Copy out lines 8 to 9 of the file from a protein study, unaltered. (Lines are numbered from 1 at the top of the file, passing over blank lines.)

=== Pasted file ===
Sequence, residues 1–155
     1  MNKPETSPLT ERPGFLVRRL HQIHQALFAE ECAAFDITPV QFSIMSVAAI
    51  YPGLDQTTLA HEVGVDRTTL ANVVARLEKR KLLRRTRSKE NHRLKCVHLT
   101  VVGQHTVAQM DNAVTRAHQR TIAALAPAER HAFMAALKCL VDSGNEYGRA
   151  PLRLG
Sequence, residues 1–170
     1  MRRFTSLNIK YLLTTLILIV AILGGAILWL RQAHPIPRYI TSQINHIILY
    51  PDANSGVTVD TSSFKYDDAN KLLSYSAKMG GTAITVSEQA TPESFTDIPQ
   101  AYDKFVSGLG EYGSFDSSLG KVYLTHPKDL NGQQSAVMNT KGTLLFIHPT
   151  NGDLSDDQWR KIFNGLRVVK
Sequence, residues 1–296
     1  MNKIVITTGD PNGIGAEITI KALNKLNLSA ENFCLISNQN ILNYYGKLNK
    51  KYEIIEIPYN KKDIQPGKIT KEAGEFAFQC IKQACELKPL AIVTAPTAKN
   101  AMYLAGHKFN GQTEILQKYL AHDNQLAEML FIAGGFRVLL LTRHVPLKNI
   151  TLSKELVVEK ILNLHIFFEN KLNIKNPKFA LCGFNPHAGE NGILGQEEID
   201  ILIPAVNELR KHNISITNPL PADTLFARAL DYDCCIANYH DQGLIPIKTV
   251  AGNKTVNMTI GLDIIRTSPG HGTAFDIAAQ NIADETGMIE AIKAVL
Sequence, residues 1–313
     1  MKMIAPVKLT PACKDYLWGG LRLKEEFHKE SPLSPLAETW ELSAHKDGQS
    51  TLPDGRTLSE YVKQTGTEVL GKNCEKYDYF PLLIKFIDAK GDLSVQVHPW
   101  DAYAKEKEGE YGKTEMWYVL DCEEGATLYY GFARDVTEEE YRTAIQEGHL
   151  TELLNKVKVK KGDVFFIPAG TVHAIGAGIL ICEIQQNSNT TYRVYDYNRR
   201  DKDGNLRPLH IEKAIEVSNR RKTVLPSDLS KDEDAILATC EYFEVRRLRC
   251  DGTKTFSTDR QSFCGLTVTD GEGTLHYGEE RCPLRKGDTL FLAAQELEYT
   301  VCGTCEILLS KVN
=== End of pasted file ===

    51  PDANSGVTVD TSSFKYDDAN KLLSYSAKMG GTAITVSEQA TPESFTDIPQ
   101  AYDKFVSGLG EYGSFDSSLG KVYLTHPKDL NGQQSAVMNT KGTLLFIHPT